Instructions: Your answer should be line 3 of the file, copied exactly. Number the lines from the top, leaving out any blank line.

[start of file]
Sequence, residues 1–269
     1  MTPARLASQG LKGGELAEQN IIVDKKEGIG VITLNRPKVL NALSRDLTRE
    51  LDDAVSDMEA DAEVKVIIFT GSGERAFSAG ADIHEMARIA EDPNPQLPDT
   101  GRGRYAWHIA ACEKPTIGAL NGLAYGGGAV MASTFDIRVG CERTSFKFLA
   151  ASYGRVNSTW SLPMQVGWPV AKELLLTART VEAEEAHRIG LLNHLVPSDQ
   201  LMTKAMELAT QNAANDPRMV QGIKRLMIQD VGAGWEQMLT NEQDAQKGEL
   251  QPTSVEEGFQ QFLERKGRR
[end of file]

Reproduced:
    51  LDDAVSDMEA DAEVKVIIFT GSGERAFSAG ADIHEMARIA EDPNPQLPDT